GREYSTANES High School has dumped its school Streamwatch program after 20 years.
"We wanted to continue it but because we had no one to train us we had to stop it," the school's Streamwatch co-ordinator and chemistry teacher Karen Scanes said.
The axing of the program was prompted by the state government's decision to cut funding for Streamwatch.
Documents obtained by the Nature Conservation Council of NSW under Freedom of Information laws showed Streamwatch cost Sydney Water about $340,000 a year to run.
Under new arrangements which started this month, Sydney Water pays the Australian Museum $100,000 a year to maintain the program.
"Holroyd Council said they would continue to support us if we continued testing, but there was no talk of funding relief [from Streamwatch]," Ms Scanes said.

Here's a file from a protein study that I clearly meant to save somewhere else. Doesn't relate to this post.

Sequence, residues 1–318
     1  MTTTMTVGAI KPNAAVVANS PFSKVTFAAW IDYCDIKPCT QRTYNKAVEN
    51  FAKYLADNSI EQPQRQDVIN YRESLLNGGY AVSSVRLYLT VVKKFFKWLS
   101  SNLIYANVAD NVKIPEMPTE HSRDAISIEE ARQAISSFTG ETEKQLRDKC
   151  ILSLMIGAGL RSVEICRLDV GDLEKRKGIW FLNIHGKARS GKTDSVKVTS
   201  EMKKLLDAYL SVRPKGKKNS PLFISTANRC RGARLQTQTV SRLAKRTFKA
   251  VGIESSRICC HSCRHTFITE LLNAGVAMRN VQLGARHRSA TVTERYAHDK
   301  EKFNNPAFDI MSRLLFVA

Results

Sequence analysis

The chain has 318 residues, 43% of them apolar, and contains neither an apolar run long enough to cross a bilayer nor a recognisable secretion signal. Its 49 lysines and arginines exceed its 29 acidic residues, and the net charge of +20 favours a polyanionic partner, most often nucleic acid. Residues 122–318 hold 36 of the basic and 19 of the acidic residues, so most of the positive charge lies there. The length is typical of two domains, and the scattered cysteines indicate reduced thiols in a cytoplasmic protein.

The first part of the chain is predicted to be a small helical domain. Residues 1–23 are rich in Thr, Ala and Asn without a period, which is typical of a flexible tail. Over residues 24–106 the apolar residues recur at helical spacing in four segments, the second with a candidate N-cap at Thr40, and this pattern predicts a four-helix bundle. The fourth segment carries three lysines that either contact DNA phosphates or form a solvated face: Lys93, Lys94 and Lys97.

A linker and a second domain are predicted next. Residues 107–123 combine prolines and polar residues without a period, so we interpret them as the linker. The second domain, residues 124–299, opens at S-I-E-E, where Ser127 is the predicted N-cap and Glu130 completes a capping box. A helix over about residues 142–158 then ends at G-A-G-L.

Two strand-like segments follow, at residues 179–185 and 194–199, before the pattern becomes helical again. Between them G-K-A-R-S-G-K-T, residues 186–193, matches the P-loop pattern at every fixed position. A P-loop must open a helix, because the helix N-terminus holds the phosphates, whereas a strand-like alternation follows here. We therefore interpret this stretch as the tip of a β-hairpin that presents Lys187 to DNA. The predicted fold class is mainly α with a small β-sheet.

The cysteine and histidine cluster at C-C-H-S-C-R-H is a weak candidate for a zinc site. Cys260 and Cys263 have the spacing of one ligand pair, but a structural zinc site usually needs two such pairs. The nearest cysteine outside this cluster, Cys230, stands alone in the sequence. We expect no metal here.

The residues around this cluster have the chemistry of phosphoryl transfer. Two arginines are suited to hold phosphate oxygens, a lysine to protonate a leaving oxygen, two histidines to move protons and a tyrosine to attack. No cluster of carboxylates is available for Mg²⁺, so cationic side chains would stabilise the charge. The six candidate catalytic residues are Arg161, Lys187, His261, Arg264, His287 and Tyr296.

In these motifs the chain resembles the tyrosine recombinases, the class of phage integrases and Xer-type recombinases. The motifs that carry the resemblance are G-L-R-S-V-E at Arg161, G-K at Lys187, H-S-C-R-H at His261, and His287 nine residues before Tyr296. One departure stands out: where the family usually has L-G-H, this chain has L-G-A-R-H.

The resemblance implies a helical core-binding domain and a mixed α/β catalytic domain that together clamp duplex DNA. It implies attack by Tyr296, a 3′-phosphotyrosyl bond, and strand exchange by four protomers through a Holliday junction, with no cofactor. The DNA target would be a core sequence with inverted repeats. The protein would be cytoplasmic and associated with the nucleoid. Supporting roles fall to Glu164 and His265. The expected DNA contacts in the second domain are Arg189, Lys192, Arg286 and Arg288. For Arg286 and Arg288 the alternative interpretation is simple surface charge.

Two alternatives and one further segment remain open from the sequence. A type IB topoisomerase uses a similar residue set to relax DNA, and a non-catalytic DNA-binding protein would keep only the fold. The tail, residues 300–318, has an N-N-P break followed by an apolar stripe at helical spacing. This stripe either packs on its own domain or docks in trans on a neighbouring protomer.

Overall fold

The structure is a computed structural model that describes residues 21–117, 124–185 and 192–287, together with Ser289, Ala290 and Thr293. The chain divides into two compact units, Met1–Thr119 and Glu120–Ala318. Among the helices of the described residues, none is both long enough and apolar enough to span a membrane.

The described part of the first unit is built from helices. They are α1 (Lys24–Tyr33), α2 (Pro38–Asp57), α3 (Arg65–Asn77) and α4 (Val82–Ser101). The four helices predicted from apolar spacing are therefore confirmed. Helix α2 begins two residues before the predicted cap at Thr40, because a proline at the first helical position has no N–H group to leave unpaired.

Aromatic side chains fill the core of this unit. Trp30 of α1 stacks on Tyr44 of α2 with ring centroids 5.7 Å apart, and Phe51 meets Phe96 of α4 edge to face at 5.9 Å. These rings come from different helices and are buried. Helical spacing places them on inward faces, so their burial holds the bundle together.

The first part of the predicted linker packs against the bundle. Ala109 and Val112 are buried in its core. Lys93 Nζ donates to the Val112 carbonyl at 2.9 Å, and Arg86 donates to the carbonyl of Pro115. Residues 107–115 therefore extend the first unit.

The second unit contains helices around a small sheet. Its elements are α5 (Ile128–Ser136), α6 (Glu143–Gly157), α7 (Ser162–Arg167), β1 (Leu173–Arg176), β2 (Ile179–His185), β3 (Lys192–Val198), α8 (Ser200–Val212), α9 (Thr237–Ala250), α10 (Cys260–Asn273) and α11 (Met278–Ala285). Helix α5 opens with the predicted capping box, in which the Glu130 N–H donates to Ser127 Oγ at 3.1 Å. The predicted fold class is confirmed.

"As a chemistry teacher, I probably could train the kids but then the school would have to pay for my relief. It's $350 a day for casual relief."
Since 1990 Streamwatch groups, made up of community volunteers, have tested and monitored the water quality of waterways and placed this data online.
Councils, catchment management authorities, landowners and land managers have used this data as an early warning system for pollution, a historical record of how waterways have changed, and to evaluate the effects of remediation projects.
Greystanes High School tested and monitored the water quality at Darling Street Creek every week.
"The council does not have plans to fund the [school's] Streamwatch program," a Holroyd Council spokeswoman said.
"The council has conducted its own water quality monitoring program for many years and will continue to monitor water quality in our local creeks."